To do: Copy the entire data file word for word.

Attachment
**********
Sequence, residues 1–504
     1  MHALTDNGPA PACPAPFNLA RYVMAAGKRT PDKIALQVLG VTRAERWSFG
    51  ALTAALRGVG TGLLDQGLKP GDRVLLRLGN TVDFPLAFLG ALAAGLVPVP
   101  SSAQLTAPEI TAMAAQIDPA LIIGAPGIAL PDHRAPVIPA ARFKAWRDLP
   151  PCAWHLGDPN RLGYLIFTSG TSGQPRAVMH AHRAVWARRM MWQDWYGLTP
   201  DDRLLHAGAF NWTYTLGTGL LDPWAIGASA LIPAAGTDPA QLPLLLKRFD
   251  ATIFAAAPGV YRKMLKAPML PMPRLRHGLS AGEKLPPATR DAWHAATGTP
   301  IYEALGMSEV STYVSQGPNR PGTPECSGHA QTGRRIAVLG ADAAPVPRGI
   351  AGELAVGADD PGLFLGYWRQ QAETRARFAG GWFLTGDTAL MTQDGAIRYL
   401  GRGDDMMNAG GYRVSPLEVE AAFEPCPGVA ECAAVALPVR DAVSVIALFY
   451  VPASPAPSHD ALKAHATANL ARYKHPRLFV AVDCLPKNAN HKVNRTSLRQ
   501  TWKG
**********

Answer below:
Sequence, residues 1–504
     1  MHALTDNGPA PACPAPFNLA RYVMAAGKRT PDKIALQVLG VTRAERWSFG
    51  ALTAALRGVG TGLLDQGLKP GDRVLLRLGN TVDFPLAFLG ALAAGLVPVP
   101  SSAQLTAPEI TAMAAQIDPA LIIGAPGIAL PDHRAPVIPA ARFKAWRDLP
   151  PCAWHLGDPN RLGYLIFTSG TSGQPRAVMH AHRAVWARRM MWQDWYGLTP
   201  DDRLLHAGAF NWTYTLGTGL LDPWAIGASA LIPAAGTDPA QLPLLLKRFD
   251  ATIFAAAPGV YRKMLKAPML PMPRLRHGLS AGEKLPPATR DAWHAATGTP
   301  IYEALGMSEV STYVSQGPNR PGTPECSGHA QTGRRIAVLG ADAAPVPRGI
   351  AGELAVGADD PGLFLGYWRQ QAETRARFAG GWFLTGDTAL MTQDGAIRYL
   401  GRGDDMMNAG GYRVSPLEVE AAFEPCPGVA ECAAVALPVR DAVSVIALFY
   451  VPASPAPSHD ALKAHATANL ARYKHPRLFV AVDCLPKNAN HKVNRTSLRQ
   501  TWKG